The social life of a Teochew centres around his/her extended family. This is something many of us living in big modern cities can be unused to.
One of our greatest fears is to be "ambushed" by a group of uncles or aunts whom we have not seen for a while, and being caught tongue-tied not remembering how to address them. But fret not. Getting the correct address for almost any relative can be real simple (yes!!!), if we keep by these ten basic rules.
Let's start easy.
1. Grandfathers are A-gong and grandmothers are A-ma.
- The traditional Teochew family structure is headed by grandparents (not dad and mum), who are of course your A-gong 亞公 and A-ma 亞嫲. Although Teochews adhere to the patrilineal system, it is not necessary to add the prefix "gua-" (外, meaning "outside") when addressing your maternal grandparents. Unless you are bent on emphasising your distance from them, which is seldom a good idea.
- Pay attention here. By extension of the paternal grandparents being the head of the family, all their sons (i.e. your father and his brothers) are assumed to bear parental responsibilities towards one another's children. Accordingly paternal uncles are first differentiated from maternal ones, and then among themselves by seniority, so that the children know who, nominally at least, has greater authority after A-gong and A-ma. Hence uncles fall into 3 categories:
- The elder brothers of your father are Be 伯 (their wives you call M 姆);
- His younger brothers are Zeg 叔 (their wives Sim 嬸); and
- Your mother's brothers are Gu 舅 (and their wives Gim 妗). That's not too complicated, issit?
- Aunts are straightforward. Any sister of your father you refer as Gou 姑 and of your mother Yi (姨). All their husbands you call Die[n] 丈. The Teochews habitually put the sound-word A 亞 in front of all these address-terms when speaking, although it does not mean anything at all.
- When faced with older relatives one generation higher, simply add in the prefix Lau 老, which in this context is equivalent to "grand". Hence, you'd greet your grandfather's siblings as Lau-be 老伯, Lau-zeg 老叔 or Lau-gou 老姑, and so forth. Similarly your great-grandparents are your Lau-gong 老公 and great-grandmother Lau-ma 老嫲.
- We call our own siblings Hia[n] 兄 (elder brother) ([n] - denoting a nasal sound), Di 弟 (younger brother), Ze 姊 (elder sister) or Mue 妹 (younger sister). Within the notion of the extended family, all cousins are deemed as siblings. Therefore regardless of actual relation, you address your cousins as you would your brother or sister. If there is really a need to differentiate, remember your own siblings are your Tangbao 同胞 ("of the same womb") (Hia[n], Di, Ze or Mue); cousins who are children of your father's brothers (sharing the same surname) are your Tang 堂; and cousins who are children of your father's sisters and your mother's relations (usually of a different surname) are your Bieu 表.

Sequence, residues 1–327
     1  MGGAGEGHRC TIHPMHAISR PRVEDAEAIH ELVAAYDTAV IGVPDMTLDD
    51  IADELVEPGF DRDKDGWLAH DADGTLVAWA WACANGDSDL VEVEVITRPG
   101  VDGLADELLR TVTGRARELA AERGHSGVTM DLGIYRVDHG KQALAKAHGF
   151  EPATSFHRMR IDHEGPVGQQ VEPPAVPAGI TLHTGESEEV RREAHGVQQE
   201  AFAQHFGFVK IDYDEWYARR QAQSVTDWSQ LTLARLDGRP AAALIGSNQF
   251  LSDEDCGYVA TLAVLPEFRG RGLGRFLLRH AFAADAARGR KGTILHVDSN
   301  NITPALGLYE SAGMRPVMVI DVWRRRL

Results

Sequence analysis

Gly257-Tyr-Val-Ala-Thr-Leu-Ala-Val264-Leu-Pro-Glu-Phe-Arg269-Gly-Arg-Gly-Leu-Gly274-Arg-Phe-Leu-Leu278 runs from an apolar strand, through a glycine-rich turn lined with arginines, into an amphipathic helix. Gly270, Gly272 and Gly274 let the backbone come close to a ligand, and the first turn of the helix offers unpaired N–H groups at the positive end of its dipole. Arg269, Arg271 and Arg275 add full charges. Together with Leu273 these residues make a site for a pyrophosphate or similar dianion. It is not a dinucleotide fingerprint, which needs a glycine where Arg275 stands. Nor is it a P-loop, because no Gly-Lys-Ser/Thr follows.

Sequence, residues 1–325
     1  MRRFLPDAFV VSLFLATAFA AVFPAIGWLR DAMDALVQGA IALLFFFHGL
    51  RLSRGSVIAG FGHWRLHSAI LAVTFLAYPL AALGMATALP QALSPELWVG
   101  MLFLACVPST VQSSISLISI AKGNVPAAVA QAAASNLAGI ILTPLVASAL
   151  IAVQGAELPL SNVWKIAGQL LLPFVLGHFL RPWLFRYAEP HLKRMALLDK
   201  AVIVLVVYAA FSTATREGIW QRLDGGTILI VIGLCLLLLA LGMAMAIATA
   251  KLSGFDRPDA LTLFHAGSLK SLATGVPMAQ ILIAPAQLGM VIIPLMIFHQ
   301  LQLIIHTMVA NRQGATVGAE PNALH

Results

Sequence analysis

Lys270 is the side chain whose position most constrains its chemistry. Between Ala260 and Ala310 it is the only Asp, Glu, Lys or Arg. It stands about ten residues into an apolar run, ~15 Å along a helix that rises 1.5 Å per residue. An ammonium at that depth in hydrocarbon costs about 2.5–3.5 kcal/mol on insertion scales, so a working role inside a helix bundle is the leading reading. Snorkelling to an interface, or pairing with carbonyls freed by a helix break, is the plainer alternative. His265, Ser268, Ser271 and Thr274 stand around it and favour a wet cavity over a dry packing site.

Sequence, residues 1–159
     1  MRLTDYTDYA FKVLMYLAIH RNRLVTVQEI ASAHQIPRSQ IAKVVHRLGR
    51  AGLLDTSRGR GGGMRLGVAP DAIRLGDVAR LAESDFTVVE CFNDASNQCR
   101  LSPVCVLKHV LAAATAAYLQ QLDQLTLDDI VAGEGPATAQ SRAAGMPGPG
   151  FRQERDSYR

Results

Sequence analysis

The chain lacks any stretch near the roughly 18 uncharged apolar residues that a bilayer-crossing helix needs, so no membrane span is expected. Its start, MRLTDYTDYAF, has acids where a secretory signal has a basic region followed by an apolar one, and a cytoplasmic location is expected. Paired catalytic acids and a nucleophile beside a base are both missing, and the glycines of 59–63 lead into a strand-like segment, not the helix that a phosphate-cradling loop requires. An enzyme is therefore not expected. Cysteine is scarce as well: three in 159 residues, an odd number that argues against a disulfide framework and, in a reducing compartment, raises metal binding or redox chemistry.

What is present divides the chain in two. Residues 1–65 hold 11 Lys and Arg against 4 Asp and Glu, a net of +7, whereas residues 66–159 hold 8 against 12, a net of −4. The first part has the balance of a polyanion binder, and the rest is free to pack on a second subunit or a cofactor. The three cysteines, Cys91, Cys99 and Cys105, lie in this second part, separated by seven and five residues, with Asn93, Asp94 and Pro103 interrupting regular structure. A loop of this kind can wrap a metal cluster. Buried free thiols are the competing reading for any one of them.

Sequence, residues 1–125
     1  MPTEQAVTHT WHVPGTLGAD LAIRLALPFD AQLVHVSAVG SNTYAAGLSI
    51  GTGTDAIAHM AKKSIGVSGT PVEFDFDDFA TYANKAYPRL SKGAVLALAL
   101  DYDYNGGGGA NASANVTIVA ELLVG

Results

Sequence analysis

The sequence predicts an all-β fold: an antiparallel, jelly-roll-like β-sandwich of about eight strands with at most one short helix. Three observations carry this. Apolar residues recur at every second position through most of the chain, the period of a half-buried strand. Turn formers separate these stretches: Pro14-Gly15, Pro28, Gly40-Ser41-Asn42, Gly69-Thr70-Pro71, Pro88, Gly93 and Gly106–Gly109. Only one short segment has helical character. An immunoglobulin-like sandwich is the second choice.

- Nephews and nieces can be treated with the broad label Sung 孫.
- As far as in-laws are concerned, greet your spouses' family members and relatives as your husband or wife would. The exception to the rule are his/her immediate siblings, whom you greet as you would teach your (imaginary) child. As an example, you call your wife's sister A-yi 亞姨, rather than Ze or Mue.
- Feel free to go on name-basis with anyone junior to you, whether by age or generation. Be careful though, this liberty does not apply when someone who is younger in years is your uncle or aunt (it happens). It is taboo to call a senior relative only by name. Always be sure first. With this in mind, ladies please do not take offense when your relatives persist in asking for your age - they are just trying not to offend!
- It is not uncommon, of course, if you have two or more Be, M, Zeg, Sim, Gou, Yi, Die[n], Hia[n], Di, Ze or Mue etc. To be specific, you may indicate in front of his/her address-term the word Tua 大 ("big") for the oldest person, Soi 細 ("small") for the youngest, and the corresponding number for the others in-between. For example, if your father is in the middle of five brothers, you call them Tua-be 大伯, Zi-be 二伯, Si-zeg 四叔 and Soi-zeg 細叔.
- Naturally to denote any person using a numeral may be impersonal and less affectionate than using his/her name. Fortunately there is allowance for us to call a senior relative by his/her name, which is done properly by coupling his/her personal name and address-term. For instance, if your father has a sister named Gek-leng. In conversation you may address her as Gek-leng-gou.
The chart below should help you to visualise better (to view chart in full-size, right-click on image and select "save image as..." to download).
You may be interested in:
- Understanding The Teochew Family
- My Teochew Family Story Sharing: "My Special Teochew Family 特别的潮州家人" by Harada Ryotaro 原田燎太郎
- My Teochew Family Story Sharing: "Trivia Tales from Shatin 沙田人琐事 - 介绍" by Ben Choi
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